September 17 in LGBTQ History

1972: M*A*S*H premieres on CBS introducing the world to Corp. Max Klinger, televisions first on-going transvestite (but still heterosexual) character. 1979: California Governor Jerry Brown appoints Stephen M. Lachs to the Los Angeles Superior Court making him the nation’s first openly gay judge. 1986: Arch-Conservative Antonin Scalia joins the U.S. Supreme Court. 2007: The Maryland [&hellip

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August 31 in LGBTQ History

1979: At the start of the Labor Day weekend at the Sri Ram Ashram near Benson, Arizona, the Spiritual Conference for Radical Fairies was organized as a ʺcall to gay brothersʺ by early gay rights advocates Harry Hay, John Burnside, Don Kilhefner, and Mitch Walker. It becomes the birthplace of The Radical Faeries. 2005: In [&hellip

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August 9 in LGBTQ History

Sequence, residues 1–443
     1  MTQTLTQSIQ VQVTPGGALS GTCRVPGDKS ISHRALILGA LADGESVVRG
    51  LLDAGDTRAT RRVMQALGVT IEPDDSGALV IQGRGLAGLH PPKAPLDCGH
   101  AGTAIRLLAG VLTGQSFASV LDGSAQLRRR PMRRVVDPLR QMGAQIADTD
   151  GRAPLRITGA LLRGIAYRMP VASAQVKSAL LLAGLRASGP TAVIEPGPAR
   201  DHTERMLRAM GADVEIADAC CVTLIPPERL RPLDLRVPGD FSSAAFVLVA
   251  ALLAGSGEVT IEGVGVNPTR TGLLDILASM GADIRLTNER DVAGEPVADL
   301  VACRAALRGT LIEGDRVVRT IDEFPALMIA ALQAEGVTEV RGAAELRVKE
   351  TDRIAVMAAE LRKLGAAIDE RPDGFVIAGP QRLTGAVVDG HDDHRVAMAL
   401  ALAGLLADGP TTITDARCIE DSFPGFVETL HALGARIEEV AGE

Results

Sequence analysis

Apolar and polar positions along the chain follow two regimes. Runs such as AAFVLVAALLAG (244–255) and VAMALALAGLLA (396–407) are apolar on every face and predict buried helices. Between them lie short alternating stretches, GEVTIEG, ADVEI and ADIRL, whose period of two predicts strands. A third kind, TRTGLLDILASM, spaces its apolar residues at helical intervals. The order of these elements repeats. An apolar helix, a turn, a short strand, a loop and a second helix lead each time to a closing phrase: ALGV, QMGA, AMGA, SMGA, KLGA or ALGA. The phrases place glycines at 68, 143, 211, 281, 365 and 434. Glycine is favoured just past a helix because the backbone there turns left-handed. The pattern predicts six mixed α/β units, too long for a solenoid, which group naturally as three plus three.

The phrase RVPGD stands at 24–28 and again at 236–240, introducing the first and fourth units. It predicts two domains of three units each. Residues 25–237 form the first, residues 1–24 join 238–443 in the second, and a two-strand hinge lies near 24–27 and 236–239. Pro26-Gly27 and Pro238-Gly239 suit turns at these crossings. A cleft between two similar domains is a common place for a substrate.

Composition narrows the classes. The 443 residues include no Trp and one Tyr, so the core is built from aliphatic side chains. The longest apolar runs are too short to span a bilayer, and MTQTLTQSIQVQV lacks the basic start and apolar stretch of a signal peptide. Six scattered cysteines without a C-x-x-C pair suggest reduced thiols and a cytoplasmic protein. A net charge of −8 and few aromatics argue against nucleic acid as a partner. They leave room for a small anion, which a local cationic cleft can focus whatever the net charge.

1972: The Ohio Secretary of State refuses to grant articles of incorporation to the Greater Cincinnati Gay Society.  Two years later, the Ohio Supreme Court upholds the decision, stating that even though homosexual acts are now legal in Ohio, “the promotion of homosexuality as a valid life style is contrary to the public policy of [&hellip

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May 25 in LGBTQ History

1895: Oscar Wilde is convicted of gross indecency and sentenced to two years’ hard labour. 1913: Colonel Alfred Redl, former chief of Austrian counterintelligence, commits suicide when it becomes known that he has been blackmailed, on account of his homosexuality, into working for the Russians for the past year. Later in the century, the Redl [&hellip

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May 24 in LGBTQ History

1610: The Virginia Colony passes the first anti-sodomy law of the American colonial period. 1919: Anders als die Andern (“Different from the Others“), the first pro gay film, premieres in Berlin. Magnus Hirschfeld is a producer and makes a cameo appearance. The movie stars Conrad Veidt. 1953: A Mattachine Foundation circular estimates total membership in the society at [&hellip

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